reply to this | link to this | view in chronology ]

    • icon
      PaulT (profile), 8 Dec 2015 @ 9:26pm

      Re: PLanning a crime

      "What's the difference between planning a crime, and planning a fantasy crime? Does one need to take concrete steps?"

      I would damn well hope so, else every writer of fiction is a criminal by the other definition, at the very least.

      "Even if he had never been charged, is it appropriate for a police officer to fantasize about murdering civilians?"

      No. Hence the fact that he is no longer employed as such. Criminal prosecution, however, should require criminal action.

      reply to this | link to this | view in chronology ]

  • icon
    crade (profile), 8 Dec 2015 @ 4:21pm

    I agree with the dissenter.

    "authorized" has a clear definition in the dictionary and it isn't (and shouldn't be) the Judge's responsibility to correct horrible laws, and doing so is counterproductive.

    It doesn't make bad laws into good ones, it just covers up the most obvious evidence that the law needs correcting and makes enforcement more arbitrary.

    reply to this | link to this | view in chronology ]

    • identicon
      Anonymous Coward, 8 Dec 2015 @ 4:39pm

      Response to: crade on Dec 8th, 2015 @ 4:21pm

      So they should just send people to jail based on horrible laws in the meantime? Then hope it is fixed at some point.

      Note this doesn't get people out of jail if they were convicted based on the horrible law

      reply to this | link to this | view in chronology ]

    • icon
      PaulT (profile), 8 Dec 2015 @ 9:58pm

      Re:

      ""authorized" has a clear definition in the dictionary"

      Actually, it has several, and it depends on where you wish to apply them. The problem is how far someone has to go until something is no longer "authorised". Here, the officer was authorised to access the database, he simply wasn't authorised to perform the specific actions. That's what is problematic.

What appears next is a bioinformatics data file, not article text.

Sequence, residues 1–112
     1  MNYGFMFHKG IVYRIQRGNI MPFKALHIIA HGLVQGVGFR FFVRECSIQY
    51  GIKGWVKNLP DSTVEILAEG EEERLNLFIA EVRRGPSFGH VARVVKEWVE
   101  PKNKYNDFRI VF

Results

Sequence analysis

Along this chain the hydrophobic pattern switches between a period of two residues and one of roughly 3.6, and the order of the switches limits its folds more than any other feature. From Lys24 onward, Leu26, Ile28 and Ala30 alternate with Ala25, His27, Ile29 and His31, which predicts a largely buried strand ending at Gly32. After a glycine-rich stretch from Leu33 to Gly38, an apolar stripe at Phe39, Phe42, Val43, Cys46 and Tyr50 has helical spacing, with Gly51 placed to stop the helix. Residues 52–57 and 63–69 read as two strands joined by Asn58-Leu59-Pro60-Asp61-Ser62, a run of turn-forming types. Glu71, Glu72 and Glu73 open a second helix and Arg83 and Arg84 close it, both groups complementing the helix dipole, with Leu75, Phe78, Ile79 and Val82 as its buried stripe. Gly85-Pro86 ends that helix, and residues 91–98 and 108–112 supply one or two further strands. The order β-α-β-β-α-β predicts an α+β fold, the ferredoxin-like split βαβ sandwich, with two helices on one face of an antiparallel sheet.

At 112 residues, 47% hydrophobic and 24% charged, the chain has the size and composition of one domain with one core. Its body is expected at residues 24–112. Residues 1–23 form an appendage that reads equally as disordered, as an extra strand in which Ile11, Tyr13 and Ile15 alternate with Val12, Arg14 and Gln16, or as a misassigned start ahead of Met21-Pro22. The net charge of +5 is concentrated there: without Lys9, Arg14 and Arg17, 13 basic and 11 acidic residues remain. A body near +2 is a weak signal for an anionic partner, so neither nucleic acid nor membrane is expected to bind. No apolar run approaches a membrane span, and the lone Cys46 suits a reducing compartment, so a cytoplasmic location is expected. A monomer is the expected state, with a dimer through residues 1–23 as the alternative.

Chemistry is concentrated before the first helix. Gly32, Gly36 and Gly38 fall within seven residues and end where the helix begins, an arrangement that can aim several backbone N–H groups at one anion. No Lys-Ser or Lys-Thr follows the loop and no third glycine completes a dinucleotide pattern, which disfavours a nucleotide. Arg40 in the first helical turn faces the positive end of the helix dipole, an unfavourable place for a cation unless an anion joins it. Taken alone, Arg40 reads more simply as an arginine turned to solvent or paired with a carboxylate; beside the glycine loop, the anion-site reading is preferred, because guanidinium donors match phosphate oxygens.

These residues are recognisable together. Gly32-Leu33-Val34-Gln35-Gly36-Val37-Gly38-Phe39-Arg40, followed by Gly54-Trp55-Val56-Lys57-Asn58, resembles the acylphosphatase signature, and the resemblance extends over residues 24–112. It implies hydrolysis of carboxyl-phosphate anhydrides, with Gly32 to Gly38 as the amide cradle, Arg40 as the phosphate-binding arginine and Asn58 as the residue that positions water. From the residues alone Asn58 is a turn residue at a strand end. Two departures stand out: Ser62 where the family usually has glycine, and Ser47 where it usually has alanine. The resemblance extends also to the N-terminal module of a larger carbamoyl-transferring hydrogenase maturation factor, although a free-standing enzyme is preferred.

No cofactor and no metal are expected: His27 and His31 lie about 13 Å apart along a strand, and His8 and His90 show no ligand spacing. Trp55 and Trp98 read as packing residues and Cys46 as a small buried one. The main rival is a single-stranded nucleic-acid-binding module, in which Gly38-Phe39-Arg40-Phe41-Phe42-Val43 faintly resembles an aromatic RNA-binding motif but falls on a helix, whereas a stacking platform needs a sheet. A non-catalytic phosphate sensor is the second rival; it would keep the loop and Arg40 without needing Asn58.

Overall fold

If an unauthorised person gained access, that would be a clear unauthorised use and there would be no argument. If an authorised person used the part that they were authorised to use but bypassed security to access something they shouldn't, that's equally clear cut. But, while you're using the system, your access switches back and forth between legal and felony depending on what you search for? That's rather less acceptable.

      Sure, fire the guy, pin him with charges relating to harassment, stalking, anything that can be prosecuted. But, it's right for a judge to recognise that violating an employer's acceptable use policy should not be a felony, even if the employer is a police department. Leave it as a civil matter, and prosecute any real criminal actions where appropriate.

      "It doesn't make bad laws into good ones, it just covers up the most obvious evidence that the law needs correcting and makes enforcement more arbitrary."

      ...and leaves people who would be innocent under the corrected law to rot in prison while other people correct their mistakes, and may not guarantee their release even when that's happened. Surely you understand the problem there?

      I understand your point that sometimes it takes gross violations for authorities to take notice and fix these things, but if bad laws exist I'd rather have a buffer in place that doesn't apply them to the letter against all common sense and decency.

      reply to this | link to this | view in chronology ]

  • identicon
    Anonymous Coward, 8 Dec 2015 @ 6:43pm

    Damn, this dude is really into oral gratification. I hope he doesn't eat them on the first date. And I bet when he told her he wanted to eat her her mind never made the proper connection, cannibal. We really should look into this guys formative years.